19 Sep 2011

Living Trusts

0 Comment

Living Trust

living trust is not as complicated as it may sound.   It is simply an arrangement where one person, called a trustee, holds legal title to property for another person, called a beneficiary. As the creastor of your trust, you (and your spouse) will be the trustee of your own living trust, keeping full control and power over all property held in trust.

living trust may also be called a revocable living trust or simply a revocable trust.
It is called living trust because it is created while you’re alive, rather than upon your death.   With a living trust, you lose no control over your property or other assets, as you may freely change or revoke it at anytime.  Also, you pay no additional taxes or file any additional tax returns.   And because you (and likely your spouse) will be the sole beneficiaries of the living trust while you are alive, so your children or other beneficiaries will have no legal claim to your assets until after you die.

living trust is merely a standby device that springs into action if you die or become disabled.   It’s not hard to understand: just think of it as a “will substitute” or a substitute for a will, but unlike a will, a living trust it allows you to avoid the expense, time and publicity of going to court to do a death probate or living probate.

Death Probate

death probate is the process of going to court in order to transfer your property to your children or other beneficiaries.   You are basically asking for the courts blessing to transfer your property to your intended beneficiaries.   A death probate will thus involve hiring lawyers and submitting to the legal process.   The cost and time involved can vary from one jurisdiction to the next.   Also, because a death probate is a public record, in many jurisdictions, virtually anyone can get into the court record and determine assets and who will inherit them.  Gaining access to court records is another common way to commit identity fraud and possibly elder abuse and elder fraud.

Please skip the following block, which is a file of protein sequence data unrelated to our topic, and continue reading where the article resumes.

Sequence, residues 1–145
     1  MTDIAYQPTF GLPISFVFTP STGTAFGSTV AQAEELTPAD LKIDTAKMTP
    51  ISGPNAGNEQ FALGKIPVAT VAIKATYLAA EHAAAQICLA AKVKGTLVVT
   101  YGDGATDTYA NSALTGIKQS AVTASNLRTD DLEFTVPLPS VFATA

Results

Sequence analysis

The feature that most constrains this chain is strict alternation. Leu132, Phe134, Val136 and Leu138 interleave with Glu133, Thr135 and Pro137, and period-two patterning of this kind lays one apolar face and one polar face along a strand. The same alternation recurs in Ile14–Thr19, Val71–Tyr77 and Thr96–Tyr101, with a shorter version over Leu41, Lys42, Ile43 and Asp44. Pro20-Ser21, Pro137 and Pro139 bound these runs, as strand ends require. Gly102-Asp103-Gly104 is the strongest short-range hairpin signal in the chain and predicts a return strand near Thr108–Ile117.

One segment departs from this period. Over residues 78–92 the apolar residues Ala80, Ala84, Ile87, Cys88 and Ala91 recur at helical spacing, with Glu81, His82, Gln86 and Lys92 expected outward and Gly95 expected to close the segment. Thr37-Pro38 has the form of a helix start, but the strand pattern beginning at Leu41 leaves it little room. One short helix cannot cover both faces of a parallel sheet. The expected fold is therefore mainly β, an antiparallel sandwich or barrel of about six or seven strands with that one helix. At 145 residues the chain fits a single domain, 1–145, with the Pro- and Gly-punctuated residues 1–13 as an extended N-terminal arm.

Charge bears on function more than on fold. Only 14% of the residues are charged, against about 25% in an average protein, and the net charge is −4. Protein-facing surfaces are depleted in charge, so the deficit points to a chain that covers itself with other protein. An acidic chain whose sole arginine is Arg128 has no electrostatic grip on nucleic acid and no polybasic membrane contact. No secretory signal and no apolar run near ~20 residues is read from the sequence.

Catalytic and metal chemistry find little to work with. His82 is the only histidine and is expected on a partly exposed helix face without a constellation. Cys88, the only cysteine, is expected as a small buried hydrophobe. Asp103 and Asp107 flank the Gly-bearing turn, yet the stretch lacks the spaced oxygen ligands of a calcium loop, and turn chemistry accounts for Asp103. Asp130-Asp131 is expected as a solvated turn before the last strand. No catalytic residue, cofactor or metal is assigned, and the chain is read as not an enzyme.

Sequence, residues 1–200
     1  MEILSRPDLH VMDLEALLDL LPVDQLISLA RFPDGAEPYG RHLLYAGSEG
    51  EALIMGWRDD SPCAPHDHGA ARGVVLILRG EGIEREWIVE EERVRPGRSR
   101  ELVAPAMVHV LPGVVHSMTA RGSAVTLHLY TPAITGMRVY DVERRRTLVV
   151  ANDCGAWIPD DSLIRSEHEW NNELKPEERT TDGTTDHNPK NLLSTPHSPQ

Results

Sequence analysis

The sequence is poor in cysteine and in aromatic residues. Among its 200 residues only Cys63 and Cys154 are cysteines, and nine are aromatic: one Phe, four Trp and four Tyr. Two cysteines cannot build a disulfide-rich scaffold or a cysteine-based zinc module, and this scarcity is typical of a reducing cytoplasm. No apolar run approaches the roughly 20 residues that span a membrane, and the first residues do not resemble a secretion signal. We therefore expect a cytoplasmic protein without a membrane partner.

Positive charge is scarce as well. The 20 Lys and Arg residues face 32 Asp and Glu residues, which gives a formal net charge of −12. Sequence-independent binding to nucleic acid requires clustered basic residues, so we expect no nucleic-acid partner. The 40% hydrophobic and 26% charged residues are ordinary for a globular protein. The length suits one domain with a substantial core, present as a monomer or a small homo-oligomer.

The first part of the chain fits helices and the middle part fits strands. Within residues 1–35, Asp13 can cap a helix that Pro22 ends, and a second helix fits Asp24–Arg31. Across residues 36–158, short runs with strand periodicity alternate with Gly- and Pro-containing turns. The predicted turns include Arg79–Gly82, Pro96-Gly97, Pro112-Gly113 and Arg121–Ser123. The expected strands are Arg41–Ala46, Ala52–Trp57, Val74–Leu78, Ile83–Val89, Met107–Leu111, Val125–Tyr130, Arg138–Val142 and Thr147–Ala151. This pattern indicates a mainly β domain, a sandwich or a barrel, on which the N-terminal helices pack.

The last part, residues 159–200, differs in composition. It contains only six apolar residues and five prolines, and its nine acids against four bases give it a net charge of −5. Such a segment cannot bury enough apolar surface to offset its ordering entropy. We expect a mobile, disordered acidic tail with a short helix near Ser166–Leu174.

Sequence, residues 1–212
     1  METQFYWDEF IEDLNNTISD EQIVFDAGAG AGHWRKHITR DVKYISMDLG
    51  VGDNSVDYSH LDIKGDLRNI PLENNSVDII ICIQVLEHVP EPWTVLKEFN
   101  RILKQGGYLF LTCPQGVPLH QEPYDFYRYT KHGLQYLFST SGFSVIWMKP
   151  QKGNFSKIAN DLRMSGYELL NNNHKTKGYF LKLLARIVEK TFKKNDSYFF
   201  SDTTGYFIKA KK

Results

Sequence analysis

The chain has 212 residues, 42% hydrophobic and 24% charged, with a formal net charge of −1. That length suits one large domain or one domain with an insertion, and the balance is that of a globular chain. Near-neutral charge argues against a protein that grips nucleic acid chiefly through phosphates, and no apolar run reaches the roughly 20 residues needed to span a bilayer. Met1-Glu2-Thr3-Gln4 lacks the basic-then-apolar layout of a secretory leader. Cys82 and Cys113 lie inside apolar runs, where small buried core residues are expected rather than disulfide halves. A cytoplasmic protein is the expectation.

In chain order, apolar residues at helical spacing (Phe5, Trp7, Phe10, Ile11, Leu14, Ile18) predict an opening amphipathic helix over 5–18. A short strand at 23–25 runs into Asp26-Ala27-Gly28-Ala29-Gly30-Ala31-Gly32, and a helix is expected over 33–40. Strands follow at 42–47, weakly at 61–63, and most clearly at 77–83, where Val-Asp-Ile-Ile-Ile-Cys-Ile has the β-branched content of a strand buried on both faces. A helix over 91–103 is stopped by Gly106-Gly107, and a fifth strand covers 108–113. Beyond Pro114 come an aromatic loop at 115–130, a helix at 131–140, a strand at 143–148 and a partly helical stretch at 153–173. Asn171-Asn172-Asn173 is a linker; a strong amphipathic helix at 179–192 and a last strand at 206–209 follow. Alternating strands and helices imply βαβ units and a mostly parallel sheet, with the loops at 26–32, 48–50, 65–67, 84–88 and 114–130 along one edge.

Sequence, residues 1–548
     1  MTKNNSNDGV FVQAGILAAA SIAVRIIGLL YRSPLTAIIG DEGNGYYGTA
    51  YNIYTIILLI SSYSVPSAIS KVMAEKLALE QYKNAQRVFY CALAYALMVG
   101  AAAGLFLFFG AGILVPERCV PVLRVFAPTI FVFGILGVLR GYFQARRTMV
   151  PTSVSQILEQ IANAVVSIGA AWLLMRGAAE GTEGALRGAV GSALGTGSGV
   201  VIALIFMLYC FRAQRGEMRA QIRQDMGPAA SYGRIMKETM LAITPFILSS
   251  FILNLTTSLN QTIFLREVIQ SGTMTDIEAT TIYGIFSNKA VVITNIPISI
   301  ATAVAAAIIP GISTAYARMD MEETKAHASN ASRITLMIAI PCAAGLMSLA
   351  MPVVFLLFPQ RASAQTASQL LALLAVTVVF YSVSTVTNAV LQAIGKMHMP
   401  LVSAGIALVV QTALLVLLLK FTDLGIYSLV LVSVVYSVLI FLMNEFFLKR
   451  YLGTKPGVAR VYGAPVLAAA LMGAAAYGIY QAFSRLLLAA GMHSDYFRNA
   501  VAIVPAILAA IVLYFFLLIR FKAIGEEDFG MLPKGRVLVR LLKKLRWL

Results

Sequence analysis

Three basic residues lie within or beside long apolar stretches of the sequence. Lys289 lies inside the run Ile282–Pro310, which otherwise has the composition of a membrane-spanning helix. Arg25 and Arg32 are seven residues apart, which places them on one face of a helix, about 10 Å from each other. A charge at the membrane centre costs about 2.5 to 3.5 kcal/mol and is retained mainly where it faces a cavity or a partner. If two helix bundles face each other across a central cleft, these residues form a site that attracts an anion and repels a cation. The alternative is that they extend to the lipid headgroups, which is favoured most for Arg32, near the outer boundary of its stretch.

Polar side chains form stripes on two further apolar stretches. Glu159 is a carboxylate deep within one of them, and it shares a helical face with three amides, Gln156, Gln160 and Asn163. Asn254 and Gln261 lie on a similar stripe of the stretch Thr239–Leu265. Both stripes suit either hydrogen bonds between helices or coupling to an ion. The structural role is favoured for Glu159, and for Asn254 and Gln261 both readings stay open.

Living Probate

Living Probate is the process of going to court to have someone appointed to a disabled or incapacitated person’s estate.   It is also called a guardianship or conservatorship.   This happens when a person is no longer able to manage their own financial affairs, so someone has to be appointed to manage it for them.    A person in this condition can easily be the subject of elder abuse or elder fraud.  Also, because living probate is a court process and public record, the person seeking appointment as guardian will incur attorneys fees and court costs, time as well as publicity.     A well drafted living trust may avoid the entire process of living probate, saving you the unnecessary expense, time and loss of privacy of a living probate.  Not all trusts are properly drafted, however, and many may not avoid living probate.

About the Author

Leave a Reply

Your email address will not be published. Required fields are marked *

  • * Copy This Password *

    * Type Or Paste Password Here *